Effect of mupirocin treatment on nasal, pharyngeal, and perineal carriage of Staphylococcus aureus in healthy adults.
Wertheim HFL., Verveer J., Boelens HAM., van Belkum A., Verbrugh HA., Vos MC.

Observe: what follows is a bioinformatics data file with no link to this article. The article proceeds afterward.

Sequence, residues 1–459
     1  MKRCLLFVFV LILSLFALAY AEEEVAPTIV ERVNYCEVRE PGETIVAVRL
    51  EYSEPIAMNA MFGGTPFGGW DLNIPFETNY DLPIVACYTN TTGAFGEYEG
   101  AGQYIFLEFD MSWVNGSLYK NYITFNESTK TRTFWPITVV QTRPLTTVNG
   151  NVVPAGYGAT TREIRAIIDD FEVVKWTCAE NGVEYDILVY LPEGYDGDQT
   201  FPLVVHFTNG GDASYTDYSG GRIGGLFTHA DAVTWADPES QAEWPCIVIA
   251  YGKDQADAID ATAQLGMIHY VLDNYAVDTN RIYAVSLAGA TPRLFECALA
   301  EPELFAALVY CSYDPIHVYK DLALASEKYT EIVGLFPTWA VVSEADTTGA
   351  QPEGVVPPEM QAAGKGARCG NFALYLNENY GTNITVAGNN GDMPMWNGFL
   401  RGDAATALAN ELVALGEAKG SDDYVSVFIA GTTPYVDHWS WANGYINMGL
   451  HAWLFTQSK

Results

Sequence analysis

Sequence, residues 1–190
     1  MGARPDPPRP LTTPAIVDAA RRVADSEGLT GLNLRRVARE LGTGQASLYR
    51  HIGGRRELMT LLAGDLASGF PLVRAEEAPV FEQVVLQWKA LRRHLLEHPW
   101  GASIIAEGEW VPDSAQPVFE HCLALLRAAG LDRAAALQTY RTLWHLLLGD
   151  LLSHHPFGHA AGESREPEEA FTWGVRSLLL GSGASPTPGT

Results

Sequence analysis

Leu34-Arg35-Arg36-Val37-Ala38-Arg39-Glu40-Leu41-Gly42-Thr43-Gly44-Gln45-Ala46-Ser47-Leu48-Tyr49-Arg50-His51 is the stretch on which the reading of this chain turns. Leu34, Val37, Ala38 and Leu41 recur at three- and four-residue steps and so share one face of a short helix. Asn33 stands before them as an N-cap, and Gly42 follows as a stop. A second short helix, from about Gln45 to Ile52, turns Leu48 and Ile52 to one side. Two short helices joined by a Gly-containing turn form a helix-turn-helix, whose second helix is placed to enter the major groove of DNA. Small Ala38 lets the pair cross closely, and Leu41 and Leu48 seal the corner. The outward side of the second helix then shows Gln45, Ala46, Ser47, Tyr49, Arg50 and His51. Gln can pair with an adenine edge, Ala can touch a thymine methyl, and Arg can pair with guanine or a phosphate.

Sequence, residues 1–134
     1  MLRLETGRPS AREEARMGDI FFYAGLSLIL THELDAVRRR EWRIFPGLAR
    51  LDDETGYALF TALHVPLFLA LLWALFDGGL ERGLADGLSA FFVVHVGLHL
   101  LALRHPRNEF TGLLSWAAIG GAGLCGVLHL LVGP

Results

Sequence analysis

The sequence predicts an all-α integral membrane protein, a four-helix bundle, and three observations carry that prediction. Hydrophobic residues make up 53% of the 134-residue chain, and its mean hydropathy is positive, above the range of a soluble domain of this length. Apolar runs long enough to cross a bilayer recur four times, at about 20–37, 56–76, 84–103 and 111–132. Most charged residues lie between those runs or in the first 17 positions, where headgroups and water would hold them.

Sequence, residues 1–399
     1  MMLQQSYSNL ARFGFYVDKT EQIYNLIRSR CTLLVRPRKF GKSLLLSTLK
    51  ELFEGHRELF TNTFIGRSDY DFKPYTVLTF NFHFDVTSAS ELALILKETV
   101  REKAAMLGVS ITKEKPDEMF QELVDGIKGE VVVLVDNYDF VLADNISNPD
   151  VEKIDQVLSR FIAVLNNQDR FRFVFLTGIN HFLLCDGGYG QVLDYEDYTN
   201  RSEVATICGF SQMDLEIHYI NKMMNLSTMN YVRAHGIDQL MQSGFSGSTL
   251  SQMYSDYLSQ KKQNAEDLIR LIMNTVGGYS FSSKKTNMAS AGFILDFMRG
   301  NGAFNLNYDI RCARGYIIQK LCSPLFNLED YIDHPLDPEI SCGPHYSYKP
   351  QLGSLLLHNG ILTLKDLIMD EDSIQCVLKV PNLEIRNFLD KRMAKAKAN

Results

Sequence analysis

Nasal carriage of Staphylococcus aureus is an important risk factor for S. aureus infections. Mupirocin nasal ointment is presently the treatment of choice for decolonizing the anterior nares. However, recent clinical trials show limited benefit from mupirocin prophylaxis in preventing nosocomial S. aureus infections, probably due to (re)colonization from extranasal carriage sites. Therefore, we studied the effectiveness of mupirocin nasal ointment treatment on the dynamics of S. aureus nasal and extranasal carriage. Twenty noncarriers, 26 intermittent carriers, and 16 persistent carriers had nasal, throat, and perineum samples taken 1 day before and 5 weeks after mupirocin treatment (twice daily for 5 days) and assessed for growth of S. aureus. The identities of cultured strains were assessed by restriction fragment length polymorphisms of the coagulase and protein A genes. The overall carriage rate (either nasal, pharyngeal, or perineal carrier or a combination) was significantly reduced after mupirocin treatment from 30 to 17 carriers (P = 0.003). Of the 17 carriers, 10 (60%) were still colonized with their old strain, 6 (35%) were colonized with an exogenous strain, and 1 (5%) was colonized with both. Two noncarriers became carriers after treatment. The acquisition of exogenous strains after mupirocin treatment is a common phenomenon. The finding warrants the use of mupirocin only in proven carriers for decolonization purposes. Mupirocin is effective overall in decolonizing nasal carriers but less effective in decolonizing extranasal sites.